It occurs to me that this post has nothing to do with the ostensible subject of this blog apart from being part of The 1976 Project. So it goes. Click through to read it if you want, or not. Up to you.
It’s a Friday night in the month of June in the year 1976. It’s one of those humid evenings that come in early summer, warm enough so that the air feels heavy, but not so hot that it won’t get clammy later. The sun is beginning to sink behind the barn, which is still abuzz with the sounds of milking cows, and Dad’s radio. Mother is guiding the riding lawn mower around, hoping to get done before the mosquitoes come out. I have just emerged from the house into this evening tableau, but I am not sticking around long. For it’s a Friday night in the month of June in the year 1976, and I am going to play softball.
I played organized baseball from the time I was nine years old. I persevered for five summers before deciding that my record of unbroken failure was telling me something.
Later, I played in the Church League. Games were on Friday nights, and it was all pretty informal: although somebody at the park-and-rec department made up the schedule, there were no officials present, and games were umpired by mutual agreement. Players could be of either gender and any age. There was no requirement that team members actually belong to the church for which they played, although the majority of players had some connection. And as you didn’t need any talent to play, I fit right in.
You might expect that a league made up of teams representing churches would be genteel, but you would be wrong. Church League games were hard-fought, and not always fought cleanly. The lack of impartial umpires led to some spectacular rhubarbs, which led to unchristian language, which led to hard feelings, which led to even dirtier rematches later in the summer. Although no game I played in ever degenerated into a brawl, it got close a couple of times.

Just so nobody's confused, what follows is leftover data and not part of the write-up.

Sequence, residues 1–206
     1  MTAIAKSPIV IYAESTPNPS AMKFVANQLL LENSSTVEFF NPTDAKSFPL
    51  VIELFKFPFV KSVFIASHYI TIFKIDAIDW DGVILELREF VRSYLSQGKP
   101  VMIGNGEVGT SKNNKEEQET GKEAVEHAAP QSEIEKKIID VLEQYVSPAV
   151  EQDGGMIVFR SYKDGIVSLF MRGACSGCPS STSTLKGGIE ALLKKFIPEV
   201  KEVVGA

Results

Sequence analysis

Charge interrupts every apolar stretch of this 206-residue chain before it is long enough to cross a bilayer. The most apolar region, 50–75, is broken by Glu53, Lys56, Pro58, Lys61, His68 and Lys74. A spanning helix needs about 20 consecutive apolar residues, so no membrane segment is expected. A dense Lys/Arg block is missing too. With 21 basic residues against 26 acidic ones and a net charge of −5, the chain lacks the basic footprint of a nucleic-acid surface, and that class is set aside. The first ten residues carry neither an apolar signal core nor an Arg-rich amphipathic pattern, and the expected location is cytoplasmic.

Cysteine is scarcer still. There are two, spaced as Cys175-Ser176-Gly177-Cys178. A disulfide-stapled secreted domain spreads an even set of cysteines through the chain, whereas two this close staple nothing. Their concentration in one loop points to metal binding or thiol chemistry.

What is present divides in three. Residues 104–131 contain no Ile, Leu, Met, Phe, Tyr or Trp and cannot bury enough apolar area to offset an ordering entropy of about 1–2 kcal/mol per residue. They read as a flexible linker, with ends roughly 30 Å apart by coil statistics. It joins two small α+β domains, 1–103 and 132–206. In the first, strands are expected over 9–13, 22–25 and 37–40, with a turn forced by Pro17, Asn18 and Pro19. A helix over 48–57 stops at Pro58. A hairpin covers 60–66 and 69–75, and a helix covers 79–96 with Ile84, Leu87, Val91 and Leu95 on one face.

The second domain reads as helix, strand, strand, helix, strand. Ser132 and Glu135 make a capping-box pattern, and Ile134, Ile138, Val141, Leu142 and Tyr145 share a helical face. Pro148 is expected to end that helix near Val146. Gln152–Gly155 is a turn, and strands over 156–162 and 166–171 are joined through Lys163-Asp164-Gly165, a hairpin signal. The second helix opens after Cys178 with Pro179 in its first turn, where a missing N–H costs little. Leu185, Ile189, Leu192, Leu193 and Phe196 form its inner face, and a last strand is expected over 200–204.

My team won a few games and lost a few. One memorable night I got two hits in three at-bats, including a solid double over the shortstop’s head, which was the single greatest athletic accomplishment of my life. (Hitting the ball square and hard came as a complete shock to me; I had to remind myself to run to first.)
Listen: It’s a Friday night in the month of June in the year 1976. Less than 10 minutes from the farm, I tool into the lot at Twining Park, past the retired Korean War bomber that sits on a hill overlooking the ball diamonds and the tennis courts. In the far distance is a bandshell. Beyond the diamonds is a grassy playground with swingsets and monkey bars and such. A creek flows beyond the playground.
Our team is assembling behind the bleachers. Who plays where depends on who shows up. Because we have enough decent players on this particular night, I head out to right field, the traditional position of the not-very-good.
The lights on the field aren’t all that bright. They illuminate the dirt infield, mostly, and the outfield is bathed in shadow. And so the game is a stage play I watch from a darkened theater, a pool of light in the nighttime. I thump my hand into my glove and yell encouragement, which is all I can do to help the team. The chorus of chirruping insects from the creek bank behind is about as loud as the game chatter in front of me. The weight of the clammy night air grows. Summer is everywhere around me.
Outwardly I am focused on the game, but however dimly I could understand such a thing at the age of 16, inside I feel that I am where I should be and doing what I should be doing. The winning and losing will seem important in the moment. Only later will I realize that the outcome of the games is far down the list of reasons why they matter.
Games are limited to an hour, and the park closes right after ours is done, so there’s no lingering to savor the win or lament the loss. Instead, it’s back up to my car for the ride home. I start it up and turn on the radio, two actions but one motion, just as it will be many years into the future, far removed from a Friday night in the month of June in the year 1976.